There were no photographs in those days, millennia ago, but there were drawings and graven images. God forbade the making of images of Himself because He knew the idolater’s heart, that our sense of sight can get the best of us and insidiously take over the sense of reason and self-control.  A visual stimulus can trigger all sorts of comparing, wanting, lusting, nit-picking, and God wanted Himself known without any trappings, in spirit and in truth. His creation was made glorious to point us to Him, the Mastermind Creator behind it all Who alone is worthy to be praised. He created the magnificent visible to draw us to His more glorious invisible qualities and nature. (Psalm 19:1-4)

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I have recently been heart-broken hearing of new incidences of visual-stimulated prurient behavior infiltrating a beloved leader and church, a school, a marriage. Glances grow into gazes grow into monsters that devour individuals, families, institutions, sometimes wreaking irreparable harm. Our holy God knew best to outlaw the bowing down to what we see, knowing it becomes the laying down of resolve, the relinquishing of purity, the life ridden with idol poison. The only way to avoid these temptations is to worship and serve Him alone. He must be all in all, at the controls of our mind’s control of our eyes.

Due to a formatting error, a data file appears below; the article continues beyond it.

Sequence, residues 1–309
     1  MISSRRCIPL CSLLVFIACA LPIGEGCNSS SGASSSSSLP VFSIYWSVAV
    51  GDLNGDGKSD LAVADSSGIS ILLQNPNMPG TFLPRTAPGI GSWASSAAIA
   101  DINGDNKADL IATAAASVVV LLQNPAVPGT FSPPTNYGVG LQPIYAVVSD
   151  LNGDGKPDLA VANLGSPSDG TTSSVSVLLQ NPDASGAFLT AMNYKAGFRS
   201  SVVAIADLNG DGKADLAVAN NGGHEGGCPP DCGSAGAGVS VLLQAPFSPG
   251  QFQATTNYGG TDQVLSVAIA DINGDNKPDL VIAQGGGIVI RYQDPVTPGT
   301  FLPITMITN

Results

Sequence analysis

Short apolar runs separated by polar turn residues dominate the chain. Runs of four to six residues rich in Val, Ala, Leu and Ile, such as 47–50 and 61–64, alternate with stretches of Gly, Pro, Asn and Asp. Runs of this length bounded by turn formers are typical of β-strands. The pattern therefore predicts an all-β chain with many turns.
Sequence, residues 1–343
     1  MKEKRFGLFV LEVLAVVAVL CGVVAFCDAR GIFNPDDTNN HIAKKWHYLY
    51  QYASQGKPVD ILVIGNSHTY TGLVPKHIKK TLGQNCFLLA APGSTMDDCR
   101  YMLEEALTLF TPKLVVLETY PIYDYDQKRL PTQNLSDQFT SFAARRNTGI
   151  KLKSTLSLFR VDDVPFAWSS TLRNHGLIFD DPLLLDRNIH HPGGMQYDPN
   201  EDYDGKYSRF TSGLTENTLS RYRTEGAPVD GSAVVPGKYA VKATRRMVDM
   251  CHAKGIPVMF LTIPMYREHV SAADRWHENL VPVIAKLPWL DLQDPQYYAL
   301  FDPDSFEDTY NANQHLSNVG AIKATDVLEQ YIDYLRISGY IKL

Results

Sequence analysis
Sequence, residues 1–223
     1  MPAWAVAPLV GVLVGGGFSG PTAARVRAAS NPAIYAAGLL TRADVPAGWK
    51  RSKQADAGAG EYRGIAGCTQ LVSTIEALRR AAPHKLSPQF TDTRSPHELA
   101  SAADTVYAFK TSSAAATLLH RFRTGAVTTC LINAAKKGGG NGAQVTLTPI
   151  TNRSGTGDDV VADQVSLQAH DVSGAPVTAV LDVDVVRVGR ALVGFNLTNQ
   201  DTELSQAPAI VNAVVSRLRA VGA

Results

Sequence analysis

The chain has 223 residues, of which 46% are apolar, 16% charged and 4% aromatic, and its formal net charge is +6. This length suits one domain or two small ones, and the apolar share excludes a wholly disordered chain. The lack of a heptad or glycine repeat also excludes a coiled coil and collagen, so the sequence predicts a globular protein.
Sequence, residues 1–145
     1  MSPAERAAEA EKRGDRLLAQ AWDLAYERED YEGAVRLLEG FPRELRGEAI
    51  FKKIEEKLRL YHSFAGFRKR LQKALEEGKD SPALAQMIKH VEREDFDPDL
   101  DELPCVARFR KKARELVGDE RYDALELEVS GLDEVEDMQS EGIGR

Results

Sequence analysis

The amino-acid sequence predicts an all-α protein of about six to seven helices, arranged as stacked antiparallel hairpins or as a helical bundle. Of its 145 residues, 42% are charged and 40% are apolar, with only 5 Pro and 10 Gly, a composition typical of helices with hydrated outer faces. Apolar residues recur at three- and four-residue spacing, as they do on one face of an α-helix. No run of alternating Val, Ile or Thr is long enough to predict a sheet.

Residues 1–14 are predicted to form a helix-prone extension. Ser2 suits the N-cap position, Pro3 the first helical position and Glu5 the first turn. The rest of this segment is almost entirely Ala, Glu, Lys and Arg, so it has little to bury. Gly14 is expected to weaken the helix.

Be careful little eyes what you see, and be careful little hands what you make and hold too tight. Where have I constructed graven images that steal my attention from higher things? Where am I allowing even beautiful and good delights to hold my affections here on earth and diminish my first love for Christ? Where have I become too big, and slipped into perceiving Him as too small?

King of kings, You alone are worthy of all glory, honor and praise. I offer my idols at Your altar, for You are my All in all.

We Can’t Unread

“For the word of God is living and active, sharper than any two-edged sword, piercing to the division of soul and of spirit, of joints and of marrow, and discerning the thoughts and intentions of the heart.” “The law of the Lord is perfect, reviving the soul; the testimony of the Lord is sure, making wise the simple; the precepts of the Lord are right, rejoicing the heart; the commandment of the Lord is pure, enlightening the eyes;.. the rules of the Lord are true, and righteous altogether. More to be desired are they than gold, even much fine gold; sweeter also than honey and drippings of the honeycomb.” Hebrews 4:12; Psalm 19:7-10